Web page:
The thrill of riding downhill

The thrill of riding downhill

Home » Mountain Bike (MTB)

Our brains are pretty amazing – and downhill mountain biking feels like a great showcase for the speed they work at and capacity they have to multi-task.

Combine eye-watering dropping speed with technical features, changing conditions, line choices, knowing how much to brake, judging a gap and reacting to changing light conditions – all while in the red mist of racing and against the backdrop of a tunnel of crowd noise. It’s a lot!

We asked some big names in gravity (four-cross (4X) and downhill) to see if they could put into words what goes on inside their heads during a run.

Matt Walker racing a downhill event

Matt Walker - Madison Saracen Factory Team Rider, 2020 Overall World Cup Champion and 1x World Cup winner

I find it pretty difficult to describe the feelings I have when I’m racing my bike, because when it’s going good and I’m on a fast run, I don’t actually feel a lot. It’s just coming easy, almost like you’re on auto-pilot. Time feels like it slows down, I’m hitting all my lines without thinking. You can hear the crowd but it’s just white noise. When I cross the line at the finish I struggle to remember all of my run, it comes back to me over the next few hours. It’s not a state of mind I ever find myself in, in normal daily life.

Racing always throws up challenges, crashes and mistakes are all part of the game, whether it’s in the race or in practice. Sometimes it’s difficult to relax and let it come to you, and to find the flow again. I’ve worked hard in the last few years on visualisation and how I approach these situations mentally. For me, accepting that mistakes are going to happen helps me get less emotional about them in the first place. So the easier it is to put them to one side and move on.

Josie McFall racing a 4X event

Josie McFall - Riding 4X for Kona Pro Development Team

Rolling onto the start gate you hear the cheers of the crowd, the commentator announcing your name - and then silence. After a pause the start announcement echoes around you: ‘Okay riders, random start. Riders ready, watch the gate. Beep beep beep beeeeeeep'.

Riders react differently on the gate, with some reacting to the lights and others watching the gate drop. I zone into the lights, waiting for the red. Being so focused and holding my breath I don't hear a word after 'Okay riders'.

Once that gate drops you have 30-50 seconds to make it count. It’s a sigh of relief if you exit the first corner in front and you can try to block anyone coming past, but you know you are getting hunted by three other riders. Listening to their tires on the dirt, the buzz of their hub spinning, even sometimes how heavy they are breathing! It’s crazy what sounds you hear when you are trying to visualise where they are behind you, while trying to hold position and tackling whatever jumps, corners and drops are coming up.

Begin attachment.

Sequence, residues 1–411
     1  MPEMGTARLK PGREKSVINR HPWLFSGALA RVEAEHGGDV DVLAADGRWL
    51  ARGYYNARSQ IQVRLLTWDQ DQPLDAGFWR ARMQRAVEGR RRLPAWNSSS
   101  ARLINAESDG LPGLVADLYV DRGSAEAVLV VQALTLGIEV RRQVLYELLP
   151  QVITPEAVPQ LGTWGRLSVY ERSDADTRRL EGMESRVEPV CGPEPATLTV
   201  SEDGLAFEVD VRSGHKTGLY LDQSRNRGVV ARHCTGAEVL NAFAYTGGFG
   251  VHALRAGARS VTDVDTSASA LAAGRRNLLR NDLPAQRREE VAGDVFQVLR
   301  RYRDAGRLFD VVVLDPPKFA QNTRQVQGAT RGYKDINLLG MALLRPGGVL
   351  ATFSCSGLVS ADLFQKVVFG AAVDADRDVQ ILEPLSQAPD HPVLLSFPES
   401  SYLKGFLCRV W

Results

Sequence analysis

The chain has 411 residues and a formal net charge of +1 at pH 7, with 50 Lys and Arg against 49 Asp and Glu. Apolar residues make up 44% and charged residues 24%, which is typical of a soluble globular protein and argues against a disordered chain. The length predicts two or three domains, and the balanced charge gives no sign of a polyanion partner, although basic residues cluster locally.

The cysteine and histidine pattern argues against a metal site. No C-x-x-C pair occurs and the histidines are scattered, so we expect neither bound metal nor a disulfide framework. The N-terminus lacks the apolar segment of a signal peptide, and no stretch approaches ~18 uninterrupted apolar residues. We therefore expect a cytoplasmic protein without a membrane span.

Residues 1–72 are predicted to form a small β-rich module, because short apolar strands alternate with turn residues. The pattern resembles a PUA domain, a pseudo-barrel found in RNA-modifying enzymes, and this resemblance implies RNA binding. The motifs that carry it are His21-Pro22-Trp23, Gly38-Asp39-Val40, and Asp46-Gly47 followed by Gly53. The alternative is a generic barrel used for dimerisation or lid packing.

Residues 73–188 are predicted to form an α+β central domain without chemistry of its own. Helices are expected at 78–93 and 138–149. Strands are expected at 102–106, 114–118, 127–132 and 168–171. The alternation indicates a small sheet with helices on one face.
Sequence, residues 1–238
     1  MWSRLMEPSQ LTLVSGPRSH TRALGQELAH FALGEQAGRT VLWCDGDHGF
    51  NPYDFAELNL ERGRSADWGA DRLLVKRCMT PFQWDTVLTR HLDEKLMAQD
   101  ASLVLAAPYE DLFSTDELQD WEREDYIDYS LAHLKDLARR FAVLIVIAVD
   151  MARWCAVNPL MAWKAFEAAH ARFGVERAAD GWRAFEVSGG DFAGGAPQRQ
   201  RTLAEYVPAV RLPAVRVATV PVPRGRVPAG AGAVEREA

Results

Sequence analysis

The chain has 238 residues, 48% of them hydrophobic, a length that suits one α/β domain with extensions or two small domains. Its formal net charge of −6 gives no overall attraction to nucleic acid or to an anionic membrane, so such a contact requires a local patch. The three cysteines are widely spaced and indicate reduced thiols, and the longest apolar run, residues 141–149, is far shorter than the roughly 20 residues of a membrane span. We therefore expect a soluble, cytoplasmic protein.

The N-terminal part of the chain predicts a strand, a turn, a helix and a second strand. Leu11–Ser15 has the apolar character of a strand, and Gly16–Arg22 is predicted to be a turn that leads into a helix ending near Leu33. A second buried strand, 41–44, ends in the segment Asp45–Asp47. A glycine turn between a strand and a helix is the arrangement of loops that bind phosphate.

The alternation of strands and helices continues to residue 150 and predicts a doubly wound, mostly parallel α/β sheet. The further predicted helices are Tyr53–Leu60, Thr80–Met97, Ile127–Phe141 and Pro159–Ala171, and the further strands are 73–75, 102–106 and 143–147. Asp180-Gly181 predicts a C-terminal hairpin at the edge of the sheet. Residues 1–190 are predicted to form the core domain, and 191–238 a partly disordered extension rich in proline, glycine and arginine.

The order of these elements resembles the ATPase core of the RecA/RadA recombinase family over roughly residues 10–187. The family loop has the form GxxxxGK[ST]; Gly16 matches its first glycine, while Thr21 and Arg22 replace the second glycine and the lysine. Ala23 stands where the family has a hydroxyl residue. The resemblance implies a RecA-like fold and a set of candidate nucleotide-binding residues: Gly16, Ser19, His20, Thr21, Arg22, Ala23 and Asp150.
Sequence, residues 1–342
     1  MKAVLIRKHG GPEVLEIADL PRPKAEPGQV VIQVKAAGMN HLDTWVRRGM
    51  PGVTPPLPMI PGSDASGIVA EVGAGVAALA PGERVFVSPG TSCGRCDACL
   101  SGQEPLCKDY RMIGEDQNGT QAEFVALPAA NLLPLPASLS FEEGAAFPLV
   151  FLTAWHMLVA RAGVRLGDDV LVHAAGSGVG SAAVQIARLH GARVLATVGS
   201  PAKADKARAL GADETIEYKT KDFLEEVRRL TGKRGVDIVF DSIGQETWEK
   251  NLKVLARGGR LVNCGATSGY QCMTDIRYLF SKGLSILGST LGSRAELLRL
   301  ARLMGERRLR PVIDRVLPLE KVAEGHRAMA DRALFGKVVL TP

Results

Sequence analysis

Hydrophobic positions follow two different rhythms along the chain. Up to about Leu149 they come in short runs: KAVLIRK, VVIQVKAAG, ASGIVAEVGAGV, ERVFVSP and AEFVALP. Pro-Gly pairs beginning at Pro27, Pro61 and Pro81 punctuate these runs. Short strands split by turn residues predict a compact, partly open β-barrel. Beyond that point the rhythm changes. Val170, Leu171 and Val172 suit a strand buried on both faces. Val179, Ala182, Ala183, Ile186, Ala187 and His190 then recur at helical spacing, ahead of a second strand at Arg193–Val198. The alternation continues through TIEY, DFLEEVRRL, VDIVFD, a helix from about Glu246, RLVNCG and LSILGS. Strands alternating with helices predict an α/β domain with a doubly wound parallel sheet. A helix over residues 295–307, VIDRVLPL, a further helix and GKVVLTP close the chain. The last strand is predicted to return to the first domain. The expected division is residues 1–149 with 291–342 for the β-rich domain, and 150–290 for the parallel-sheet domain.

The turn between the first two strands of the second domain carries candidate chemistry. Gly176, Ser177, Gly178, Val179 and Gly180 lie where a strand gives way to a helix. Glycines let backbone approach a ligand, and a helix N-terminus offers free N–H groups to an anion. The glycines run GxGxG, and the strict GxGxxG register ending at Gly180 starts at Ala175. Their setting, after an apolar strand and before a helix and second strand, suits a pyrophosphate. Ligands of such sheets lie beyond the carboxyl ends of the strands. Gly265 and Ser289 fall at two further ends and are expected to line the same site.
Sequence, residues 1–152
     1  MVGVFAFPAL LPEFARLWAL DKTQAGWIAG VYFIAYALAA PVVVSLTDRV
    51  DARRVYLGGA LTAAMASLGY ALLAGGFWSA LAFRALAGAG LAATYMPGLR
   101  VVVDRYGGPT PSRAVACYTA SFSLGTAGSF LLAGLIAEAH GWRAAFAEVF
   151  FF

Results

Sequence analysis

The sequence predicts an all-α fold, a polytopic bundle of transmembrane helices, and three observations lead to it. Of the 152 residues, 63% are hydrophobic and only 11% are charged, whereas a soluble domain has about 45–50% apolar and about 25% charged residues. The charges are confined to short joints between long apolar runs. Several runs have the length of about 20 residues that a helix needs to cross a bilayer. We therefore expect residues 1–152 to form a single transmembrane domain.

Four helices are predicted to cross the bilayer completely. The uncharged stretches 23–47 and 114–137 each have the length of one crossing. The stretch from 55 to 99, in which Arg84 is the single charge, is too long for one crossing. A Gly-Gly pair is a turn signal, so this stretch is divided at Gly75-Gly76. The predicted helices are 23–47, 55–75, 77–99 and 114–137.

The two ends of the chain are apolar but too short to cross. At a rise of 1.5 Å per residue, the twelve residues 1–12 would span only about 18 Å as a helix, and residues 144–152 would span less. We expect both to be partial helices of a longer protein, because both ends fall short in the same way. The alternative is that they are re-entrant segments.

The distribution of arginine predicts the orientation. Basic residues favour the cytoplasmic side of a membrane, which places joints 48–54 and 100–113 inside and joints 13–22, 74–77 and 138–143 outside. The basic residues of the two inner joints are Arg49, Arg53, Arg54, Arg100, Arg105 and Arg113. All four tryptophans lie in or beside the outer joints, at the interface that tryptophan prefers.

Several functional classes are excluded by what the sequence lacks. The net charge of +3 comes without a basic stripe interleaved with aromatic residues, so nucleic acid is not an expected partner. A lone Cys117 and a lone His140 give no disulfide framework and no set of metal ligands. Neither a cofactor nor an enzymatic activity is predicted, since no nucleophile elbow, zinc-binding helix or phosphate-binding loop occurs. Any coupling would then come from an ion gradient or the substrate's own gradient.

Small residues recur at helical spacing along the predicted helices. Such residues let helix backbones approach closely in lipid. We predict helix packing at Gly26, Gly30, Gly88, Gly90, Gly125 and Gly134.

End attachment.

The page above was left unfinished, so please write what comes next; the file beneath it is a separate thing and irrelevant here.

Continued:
And if you haven't come out in front, you get a rush of adrenaline to fix the situation. You’re looking at every opportunity you can use to get around them, remembering how you saw them ride in practice. But you have milliseconds to make the decisions because the lap is almost over.

Once you cross that finish line and can finally breath, it’s crazy to think how much has happened in the last 30-50 seconds! Racing is such an incredible rush of adrenaline; that's just the best way to describe it.

Gravity rider Billy Pugh mid-air at an event

Billy Pugh - Riding multiple gravity-driven disciplines for the YT MOB and TLD

The feeling I get when riding my downhill bike is the best thing ever. It’s a sense of freedom and excitement - and it’s what I live for. Everything else in the world seems to disappear and it’s just me, the bike and the track. My focus is on every root and rock.

During a run features can come at you very fast, meaning reaction time is important. My reactions have developed as I have gotten faster over the years, but If I ever feel not quite in the zone I can get distracted and not have my full focus on the track, leading to mistakes like not getting onto my lines or losing the flow. Sometimes that means ending up in a thornbush or with some skin missing somewhere!

Downhill is my passion and it’s the discipline I love most. The feeling of adrenaline pumping through you whilst going flat out down a track or sending a huge jump is indescribable and I love it! And most importantly, just send it!